A German national drew the maximum penalty under a plea bargain that had the US -based Volkswagen executive sentenced to seven years in prison for his role in a diesel-emissions scandal, according to multiple reports.
In August, Oliver Schmidt pled guilty to federal charges of conspiring to defraud the USA and violating the Clean Air Act in connection with Volkswagen's "clean diesel" emissions cheating scandal.
Along with the seven years in prison, Schmidt was ordered to pay a $400,000 fine. The prison term and the fine together represent the maximum sentence that Schmidt could have received under the plea deal he signed in August.
"I made bad decisions and for that I am sorry", he said.
A Volkswagen senior manager has been sentenced to seven years in prison for concealing software that was used to evade pollution limits on almost 600,000 diesel vehicles.
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Schmidt said he had only himself to blame and that his loyalty to Volkswagen allowed him to be "misused" by the company.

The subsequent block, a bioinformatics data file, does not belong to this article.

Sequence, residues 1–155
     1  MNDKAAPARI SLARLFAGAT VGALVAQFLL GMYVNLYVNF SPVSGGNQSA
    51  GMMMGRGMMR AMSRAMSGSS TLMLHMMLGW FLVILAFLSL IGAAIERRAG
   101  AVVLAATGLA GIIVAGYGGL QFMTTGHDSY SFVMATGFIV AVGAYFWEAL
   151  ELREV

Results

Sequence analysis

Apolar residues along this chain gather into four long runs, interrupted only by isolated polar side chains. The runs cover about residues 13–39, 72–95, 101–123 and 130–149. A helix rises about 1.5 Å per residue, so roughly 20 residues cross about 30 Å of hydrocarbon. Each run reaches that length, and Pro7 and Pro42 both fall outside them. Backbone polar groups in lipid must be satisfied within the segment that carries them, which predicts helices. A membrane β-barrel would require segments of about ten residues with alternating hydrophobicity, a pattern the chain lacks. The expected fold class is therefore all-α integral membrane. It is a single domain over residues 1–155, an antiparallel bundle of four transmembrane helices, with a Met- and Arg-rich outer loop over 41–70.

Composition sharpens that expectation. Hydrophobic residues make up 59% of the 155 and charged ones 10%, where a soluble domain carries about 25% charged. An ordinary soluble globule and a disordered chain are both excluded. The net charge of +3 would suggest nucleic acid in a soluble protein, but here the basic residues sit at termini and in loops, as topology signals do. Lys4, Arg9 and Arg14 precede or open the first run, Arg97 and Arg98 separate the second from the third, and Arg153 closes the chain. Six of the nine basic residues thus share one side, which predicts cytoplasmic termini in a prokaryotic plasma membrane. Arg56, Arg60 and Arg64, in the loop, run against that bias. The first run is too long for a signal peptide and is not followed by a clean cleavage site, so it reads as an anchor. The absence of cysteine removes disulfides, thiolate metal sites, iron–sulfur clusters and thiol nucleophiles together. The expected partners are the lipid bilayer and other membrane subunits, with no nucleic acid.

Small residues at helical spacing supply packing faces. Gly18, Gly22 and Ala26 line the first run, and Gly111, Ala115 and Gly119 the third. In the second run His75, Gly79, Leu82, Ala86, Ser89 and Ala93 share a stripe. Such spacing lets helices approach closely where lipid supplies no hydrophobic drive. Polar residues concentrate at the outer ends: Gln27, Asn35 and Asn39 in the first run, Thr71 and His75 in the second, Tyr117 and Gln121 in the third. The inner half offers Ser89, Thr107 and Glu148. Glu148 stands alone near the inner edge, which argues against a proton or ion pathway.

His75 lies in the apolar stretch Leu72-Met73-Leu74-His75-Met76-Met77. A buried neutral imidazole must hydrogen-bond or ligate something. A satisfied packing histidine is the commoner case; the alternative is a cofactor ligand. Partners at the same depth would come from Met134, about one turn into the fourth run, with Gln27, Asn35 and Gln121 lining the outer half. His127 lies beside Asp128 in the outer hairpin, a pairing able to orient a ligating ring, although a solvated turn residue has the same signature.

Volkswagen engineer James Liang was sentenced to 40 months in prison and fined $200,000 in August for his role in the scandal.
Schmidt will be deported after he serves his sentence. First revealed in September 2015, the firm illegally manipulated software on its cars to artificially lower nitrous oxide emissions under test conditions.
VW used sophisticated software to cheat emissions rules on almost 600,000 United States vehicles. As VW Group rolled out its massive "clean diesel" marketing campaign appealing to environmentally conscious vehicle buyers, those same cars were actually emitting nitrogen oxide (NOx) many times in excess of the legal limit.